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How To Know If It’s Time To Reach Out To A Therapist To Help Your Teen

Being a teen can be really hard. There are bodily changes and shifts in responsibilities at home and school. Teens need room to grow independently and develop into their best selves, but when mental illness, imbalance, or negativity comes into play, allowing our teens the freedom and control they need becomes difficult, even scary.


Concerned parents have to think through how they will avoid unnecessary treatment and support their children without causing additional stress. How do we know when it’s “just a phase” and when it’s time to reach out for professional help?


Some teenage struggles are normal


Moodiness, anxiety, or difficulties in school or with their social lives are all expected struggles. These difficulties are typically temporary. Similar scenarios in which we expect a temporary decline in mental health are:


  • Moving to a new community or going to a new school

  • Divorce of parents, regardless of how amiable

  • Temporary developmental depression

It’s obviously still a good idea to talk with your teen through these scenarios. They still need your support.



When to worry about your teen


There are some things to watch for when deciding whether to approach your teen about therapy. If you have a family history of mental illness or if your child struggles in school or seems isolated from their peers, it’s a good idea to talk to them about counseling. Some other more serious indicators might be:


  • If you discover drug or alcohol use or participation in illegal activities

  • Signs of self-harm like cutting or burning themselves

  • Changes in eating habits or an eating disorder

  • Changes in sleeping habits or obvious fatigue

  • Running away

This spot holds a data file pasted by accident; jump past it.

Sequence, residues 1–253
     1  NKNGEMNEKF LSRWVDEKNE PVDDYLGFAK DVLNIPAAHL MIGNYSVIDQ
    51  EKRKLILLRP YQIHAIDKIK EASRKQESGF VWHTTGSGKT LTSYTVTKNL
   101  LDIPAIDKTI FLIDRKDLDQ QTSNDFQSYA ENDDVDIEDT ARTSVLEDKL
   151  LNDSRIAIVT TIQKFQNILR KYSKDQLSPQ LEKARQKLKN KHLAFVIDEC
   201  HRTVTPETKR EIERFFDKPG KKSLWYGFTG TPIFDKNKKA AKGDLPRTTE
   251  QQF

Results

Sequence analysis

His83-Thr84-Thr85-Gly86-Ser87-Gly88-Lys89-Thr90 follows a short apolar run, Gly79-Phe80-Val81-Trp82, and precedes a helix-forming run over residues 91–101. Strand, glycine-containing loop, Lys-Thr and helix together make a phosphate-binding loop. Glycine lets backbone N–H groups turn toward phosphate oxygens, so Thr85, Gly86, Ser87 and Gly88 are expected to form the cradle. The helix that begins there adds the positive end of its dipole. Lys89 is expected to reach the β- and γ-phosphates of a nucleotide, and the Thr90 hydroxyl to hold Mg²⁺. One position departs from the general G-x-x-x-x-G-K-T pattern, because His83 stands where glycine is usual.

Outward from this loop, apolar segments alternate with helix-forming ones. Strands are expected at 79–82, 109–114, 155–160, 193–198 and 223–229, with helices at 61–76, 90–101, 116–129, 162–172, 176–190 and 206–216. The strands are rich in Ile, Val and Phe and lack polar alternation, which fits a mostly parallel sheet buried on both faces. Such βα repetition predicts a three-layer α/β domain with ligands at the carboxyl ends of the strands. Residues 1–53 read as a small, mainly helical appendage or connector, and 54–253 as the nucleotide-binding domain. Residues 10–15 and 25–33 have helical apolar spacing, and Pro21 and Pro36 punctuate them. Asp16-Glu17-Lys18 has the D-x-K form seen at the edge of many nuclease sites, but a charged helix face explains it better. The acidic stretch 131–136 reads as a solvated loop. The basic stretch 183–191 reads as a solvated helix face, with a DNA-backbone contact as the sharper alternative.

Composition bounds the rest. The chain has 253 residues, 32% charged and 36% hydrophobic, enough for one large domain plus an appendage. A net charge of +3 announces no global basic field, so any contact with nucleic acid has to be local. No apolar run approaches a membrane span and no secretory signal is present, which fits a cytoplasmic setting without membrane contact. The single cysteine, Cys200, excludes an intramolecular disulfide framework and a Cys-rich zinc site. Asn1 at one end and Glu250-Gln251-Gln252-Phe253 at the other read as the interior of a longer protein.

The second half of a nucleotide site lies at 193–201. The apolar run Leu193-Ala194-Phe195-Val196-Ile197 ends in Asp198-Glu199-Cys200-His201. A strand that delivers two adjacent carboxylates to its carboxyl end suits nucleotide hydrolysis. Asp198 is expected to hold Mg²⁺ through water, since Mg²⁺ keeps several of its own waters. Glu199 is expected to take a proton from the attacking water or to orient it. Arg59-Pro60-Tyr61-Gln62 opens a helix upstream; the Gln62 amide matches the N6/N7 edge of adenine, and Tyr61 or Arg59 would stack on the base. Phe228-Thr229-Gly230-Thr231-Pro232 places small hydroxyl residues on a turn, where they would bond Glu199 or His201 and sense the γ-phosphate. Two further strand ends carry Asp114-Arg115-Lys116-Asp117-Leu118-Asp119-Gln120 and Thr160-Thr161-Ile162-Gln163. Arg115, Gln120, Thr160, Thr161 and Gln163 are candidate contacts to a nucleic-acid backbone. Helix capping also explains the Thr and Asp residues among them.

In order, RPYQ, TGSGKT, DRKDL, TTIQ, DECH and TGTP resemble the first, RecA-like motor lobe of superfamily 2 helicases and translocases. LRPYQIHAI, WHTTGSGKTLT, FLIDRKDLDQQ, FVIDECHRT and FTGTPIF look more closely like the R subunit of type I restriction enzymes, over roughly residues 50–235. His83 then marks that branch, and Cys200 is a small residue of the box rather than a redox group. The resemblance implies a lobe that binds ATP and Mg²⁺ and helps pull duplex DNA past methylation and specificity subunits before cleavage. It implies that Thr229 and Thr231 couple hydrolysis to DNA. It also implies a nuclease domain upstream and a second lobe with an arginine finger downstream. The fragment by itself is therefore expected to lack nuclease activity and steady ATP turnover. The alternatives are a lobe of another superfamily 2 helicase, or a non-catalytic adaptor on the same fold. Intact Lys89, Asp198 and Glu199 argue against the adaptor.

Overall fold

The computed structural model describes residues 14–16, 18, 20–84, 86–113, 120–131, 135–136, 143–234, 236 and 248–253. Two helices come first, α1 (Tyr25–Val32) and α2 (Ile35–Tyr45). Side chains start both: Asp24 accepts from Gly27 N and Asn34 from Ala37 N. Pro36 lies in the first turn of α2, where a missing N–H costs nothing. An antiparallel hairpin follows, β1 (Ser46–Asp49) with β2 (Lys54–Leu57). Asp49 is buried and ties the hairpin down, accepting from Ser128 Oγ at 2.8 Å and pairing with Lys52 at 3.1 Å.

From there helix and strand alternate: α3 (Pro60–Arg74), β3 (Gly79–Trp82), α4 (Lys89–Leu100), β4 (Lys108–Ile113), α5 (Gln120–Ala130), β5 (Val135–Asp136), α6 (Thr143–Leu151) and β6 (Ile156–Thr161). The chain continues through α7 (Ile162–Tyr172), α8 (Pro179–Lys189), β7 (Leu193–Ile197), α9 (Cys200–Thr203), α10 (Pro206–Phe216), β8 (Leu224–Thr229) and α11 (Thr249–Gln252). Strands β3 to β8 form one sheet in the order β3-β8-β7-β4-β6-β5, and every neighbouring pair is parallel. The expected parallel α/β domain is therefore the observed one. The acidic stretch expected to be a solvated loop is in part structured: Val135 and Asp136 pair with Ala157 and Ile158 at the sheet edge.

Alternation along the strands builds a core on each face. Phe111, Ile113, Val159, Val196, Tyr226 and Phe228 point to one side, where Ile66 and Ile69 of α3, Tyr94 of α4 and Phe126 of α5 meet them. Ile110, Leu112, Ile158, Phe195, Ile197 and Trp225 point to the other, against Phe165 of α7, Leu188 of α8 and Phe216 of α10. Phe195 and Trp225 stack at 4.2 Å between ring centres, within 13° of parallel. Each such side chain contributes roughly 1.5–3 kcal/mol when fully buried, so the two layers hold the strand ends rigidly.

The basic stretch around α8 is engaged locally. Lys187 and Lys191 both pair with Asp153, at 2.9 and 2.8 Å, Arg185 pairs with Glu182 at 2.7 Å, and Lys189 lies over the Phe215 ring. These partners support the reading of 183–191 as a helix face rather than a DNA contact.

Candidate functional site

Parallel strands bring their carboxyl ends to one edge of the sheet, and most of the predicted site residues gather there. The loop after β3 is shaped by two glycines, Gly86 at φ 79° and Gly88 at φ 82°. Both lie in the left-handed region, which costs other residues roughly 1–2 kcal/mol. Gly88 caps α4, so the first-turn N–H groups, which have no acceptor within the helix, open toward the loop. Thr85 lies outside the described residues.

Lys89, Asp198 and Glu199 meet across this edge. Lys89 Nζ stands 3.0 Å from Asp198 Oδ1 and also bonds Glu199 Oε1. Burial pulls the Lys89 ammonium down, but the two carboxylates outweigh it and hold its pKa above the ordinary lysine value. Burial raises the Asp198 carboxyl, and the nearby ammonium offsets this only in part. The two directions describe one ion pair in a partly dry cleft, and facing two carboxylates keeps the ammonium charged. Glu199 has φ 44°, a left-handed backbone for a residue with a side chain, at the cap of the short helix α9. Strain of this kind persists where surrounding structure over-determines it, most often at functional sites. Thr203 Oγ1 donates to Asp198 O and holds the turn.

• Verbalized thoughts about death or suicidal ideation (“No one would miss me if I died.”)

  • They’re excessively worried, often to the point of tears


What you can do


The first step to helping your child is communicating with them. Even though some teens can grow very closed off from their parents, it’s still essential to foster your connection with them. Keep asking them how things are going at school or how their friends are doing. Talk with them about sexual health, healthy eating, and sleeping habits, and help them understand it’s okay to feel how they’re feeling. The more secure your teen feels with you, the earlier you can spot any potential mental struggles. Once this line of communication is open, it’s time to talk with a professional.


What if they say no?


Children, especially teens, are constantly growing into their autonomy. They want as much control of their lives as possible. This is a normal part of development. As a result, teens often want nothing to do with therapy. There are some ways you can talk with your child about therapy to try to convince them to at least try it.


Normalize it early


Therapy still, unfortunately, comes with a stigma, but you have the power to dismantle that. Normalize mental health care by being open with your teen about your own mental health. Let them know that you also see a therapist or occasionally speak with a counselor. The earlier you make therapy normal, the more comfortable your child will be with the idea of talking to someone.


Give them some control of the process


Our teens want to feel respected, and they deserve it. Allow your child to take part in finding a therapist they think they’ll feel comfortable with. Then, respect their privacy. You’ll be tempted to ask questions about their therapy sessions. General conversation is fine. But let them keep their therapy to themselves if they want and trust a professional therapist to contact you if there is a serious need.


Talking with your teen about seeking therapy is extremely important, both for their mental health and yours. Therapists who work with teens design their sessions with teens in mind. We can work together to help your child take control of their mental health. Contact us for a free consultation today!

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